Suzanne McAfee complained about Eevette receiving a $20,000 bond, which she posted, from Judge Denis LeDuc in 42-I District Court in Romeo at her arraignment and accused her of not taking the case seriously. Mrs. McAfee held up a photograph MacDonald posted on social media of a friend lifting up MacDonald’s leg showing a tether wrapped around her ankle, with MacDonald making a mocking expression and her friend smiling.
The McAfee family – also including Stephen's father, Michael; sister, Kathryn; and brother, Jonathan, all described the torment of surviving more than 13 months while Stephen was missing, searching for him, posting fliers and creating a Facebook page. They attended a Michigan State Police event held to help families of missing children.
“Waking up and heading out to search the fields, the wooded areas and the streets before going into work – this went on day after day, month after month,” Michael McAfee said, naming several cities and areas where he searched.
“Many times I would (see) someone who was walking or riding a bike that would resemble Stephen,” he said. “If I was driving my car I would stop and turn my car around and go back and get a second look, hoping it was Stevie.”
They noted MacDonald actively participated with Fiacco, helping dismember the body, purchasing cement in which to encase his remains, keeping remains in the trunk of her vehicle for a time and helping bury him.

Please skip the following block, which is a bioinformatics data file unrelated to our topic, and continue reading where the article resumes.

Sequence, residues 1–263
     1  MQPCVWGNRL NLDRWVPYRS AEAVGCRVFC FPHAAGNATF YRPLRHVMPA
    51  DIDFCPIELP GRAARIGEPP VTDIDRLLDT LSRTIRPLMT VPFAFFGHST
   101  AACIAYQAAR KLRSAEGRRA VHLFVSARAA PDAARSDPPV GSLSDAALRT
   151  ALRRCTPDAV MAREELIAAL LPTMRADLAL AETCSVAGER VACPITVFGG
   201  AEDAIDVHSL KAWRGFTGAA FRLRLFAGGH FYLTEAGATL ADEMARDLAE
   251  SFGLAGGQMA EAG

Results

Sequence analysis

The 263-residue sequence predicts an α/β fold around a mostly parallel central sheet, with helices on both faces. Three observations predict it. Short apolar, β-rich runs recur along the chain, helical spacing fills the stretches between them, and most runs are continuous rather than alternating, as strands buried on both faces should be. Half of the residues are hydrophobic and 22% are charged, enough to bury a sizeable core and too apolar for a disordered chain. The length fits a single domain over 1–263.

McAfee family
Michael McAfee speaks in court surrounded by his daughter, Kathryn, son, Jonathan, and wife, Suzanne, on Thursday in Macomb County Circuit Court for the sentencing of Eevette MacDonald, who helped convicted murderer Andrew Fiacco cut up and dispose of Stephen McAfee's body in 2016.
Nearly 20 friends and relatives of the McAfees attended the sentencing, some of them embracing afterward in the courthouse hallway.
In her statement, MacDonald, who appeared upset while listening to the McAfees' statements, apologized “for being cowardly and not coming forward with the information that I had.’
“I’m so sorry for what happened to Stephen, and if I could go back and try to maybe do something differently I would, I would come forward sooner," she said. "I’m sorry they had false hope all those months.”
In her testimony at the trial, MacDonald said Fiacco often accused of her of having a sexual affair with McAfee. MacDonald testified she was too frightened to go to the police because Fiacco had access to weapons. She said she was unable to leave because her car was not registered and lacked license plates.
Eevette MacDonald
Eevette MacDonald, left, holding up her leg with a tether wrapped around her ankle in a photo that was posted on social media while she was free after posting bond before her sentencing. The photo was shown to Judge Jennifer Faunce in court Thursday at MacDonald's sentencing.
A handful of MacDonald’s relatives attended the hearing.
MacDonald’s attorney, Joshua West, said his client and her family were “disappointed” with the sentencing, saying they hoped for HYTA and probation.
"She entered her plea in good faith," he said, adding MacDonald was commended by an assistant prosecutor for her testimony.